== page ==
James Taylor’s demolition of Ryan Sidebottom in the Yorkshire vs. Nottinghamshire T20 provided an opportunity to savour one of the most delectable sights in cricket: that of a diminutive batsman dominating a big fast bowler. 1.68m (5′7″) took down 1.91m (6′4″).
Well-built batsmen such as Andrew Flintoff (1.93m) or Alex Hales (1.96m), of course, always raise the excitement levels, and thrill audiences as they dominate attacks. Yet somehow there is an inverse correlation between stature and impressiveness: the smaller the figure, the greater the delight.
Why are pint-sized players so pleasing to watch? One reason could be that due to the lack of inherent momentum provided by weight, smaller players are forced to develop traditional, classical skills, relying on pure timing rather than brute strength. It has been observed that this currently holds true to an extent in the women’s game; the suggestion is that while the men’s game can cut corners due to higher strength levels, the women’s game remains a superior showcase of traditional cricketing technique. As fitness and strength levels increase in the women’s game, it will be interesting to see how long this holds true.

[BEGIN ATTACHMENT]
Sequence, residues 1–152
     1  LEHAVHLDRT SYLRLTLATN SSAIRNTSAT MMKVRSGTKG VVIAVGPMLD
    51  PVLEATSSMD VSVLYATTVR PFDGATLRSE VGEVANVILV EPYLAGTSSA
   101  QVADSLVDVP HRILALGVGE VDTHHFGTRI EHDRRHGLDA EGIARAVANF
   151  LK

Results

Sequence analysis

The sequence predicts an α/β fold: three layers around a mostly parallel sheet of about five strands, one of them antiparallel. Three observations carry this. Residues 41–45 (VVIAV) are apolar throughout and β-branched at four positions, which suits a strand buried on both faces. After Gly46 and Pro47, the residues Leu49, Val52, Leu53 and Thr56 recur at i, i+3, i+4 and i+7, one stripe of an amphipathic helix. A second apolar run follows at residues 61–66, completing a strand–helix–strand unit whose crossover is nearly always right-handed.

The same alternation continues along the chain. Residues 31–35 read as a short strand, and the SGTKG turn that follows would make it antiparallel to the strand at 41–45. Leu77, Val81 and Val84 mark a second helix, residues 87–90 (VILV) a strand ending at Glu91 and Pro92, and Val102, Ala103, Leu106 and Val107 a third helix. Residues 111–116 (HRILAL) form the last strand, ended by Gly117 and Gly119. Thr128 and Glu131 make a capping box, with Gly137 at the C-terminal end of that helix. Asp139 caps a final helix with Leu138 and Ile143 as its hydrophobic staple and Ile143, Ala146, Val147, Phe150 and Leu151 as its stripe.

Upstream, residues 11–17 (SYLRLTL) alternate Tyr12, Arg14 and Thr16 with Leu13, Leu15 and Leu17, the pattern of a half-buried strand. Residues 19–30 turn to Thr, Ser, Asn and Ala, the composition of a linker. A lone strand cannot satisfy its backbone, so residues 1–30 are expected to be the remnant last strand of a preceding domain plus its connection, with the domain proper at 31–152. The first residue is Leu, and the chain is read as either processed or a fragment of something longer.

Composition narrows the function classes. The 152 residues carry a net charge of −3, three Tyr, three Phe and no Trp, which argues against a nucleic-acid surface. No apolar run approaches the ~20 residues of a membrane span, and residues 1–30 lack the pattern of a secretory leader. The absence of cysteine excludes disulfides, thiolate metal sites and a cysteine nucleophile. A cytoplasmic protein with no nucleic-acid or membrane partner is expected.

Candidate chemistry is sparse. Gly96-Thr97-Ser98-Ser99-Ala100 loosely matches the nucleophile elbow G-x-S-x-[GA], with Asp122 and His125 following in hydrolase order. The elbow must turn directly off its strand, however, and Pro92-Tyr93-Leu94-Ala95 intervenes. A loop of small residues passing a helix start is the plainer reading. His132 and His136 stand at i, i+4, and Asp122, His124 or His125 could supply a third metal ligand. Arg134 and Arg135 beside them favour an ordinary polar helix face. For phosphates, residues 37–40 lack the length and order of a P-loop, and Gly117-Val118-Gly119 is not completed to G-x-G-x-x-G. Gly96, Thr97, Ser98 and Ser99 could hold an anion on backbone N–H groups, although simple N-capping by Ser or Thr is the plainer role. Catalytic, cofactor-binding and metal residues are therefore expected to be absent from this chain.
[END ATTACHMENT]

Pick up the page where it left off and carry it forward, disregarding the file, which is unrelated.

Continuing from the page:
Going back to the man’s game, it’s striking how short players often not only have style, but also substance. Looking at the 11 batsmen that have over 10000 Test runs as of 2014, height seems to be a rarity. (Heights are sourced from the Internet, and are presented with a low degree of confidence.)
|Player||Test runs||Height (m)|
Kallis, at 1.88m, the outlier, or perhaps the high flier, is the only one of the XI to breach the 6-foot barrier. Dravid, Ponting, and Sangakkara, at 1.80, 1.78, and 1.78 respectively, would be perceived, at least by a British eye, to be of average height. Lara and Tendulkar, arguably the most consistently stylish batsmen in modern cricket history (how that is defined is another story; Chris Smith at Declaration Game debates this in some detail), clock in at just 1.73m and 1.65m. As twelfth man, Don Bradman slots in between Lara and Tendulkar at 1.70m.
What does this mean? Not much. There is a danger, of course, in selectively choosing examples to support a hypothesis, and this is by no means a scientific analysis. We’re looking, after all, at what makes a small batsman so appealing from our subjective viewpoint. All this does is suggest that small stature might increase the chances of piling up over 10000 career Test runs. Perhaps smaller frames, possibly being lighter, place less strain on the limbs, and thus reduce the likelihood of major injuries, allowing longer careers. Ideally we could do with a Style Index to authoritatively rank players on the attractiveness of their play. There’s an idea for Statsguru.
It may be that our delight in watching small players perform is down to a simpler reason. Perhaps it is because it seems so unexpected, so contrary to the course of nature. When an obviously muscular player comes out to bat, we expect the ball to go flying out of the park. By contrast, when a small figure appears, we subconsciously doubt his ability to do the deed. Our fears and expectations are confounded. We relish David slaying his Goliath.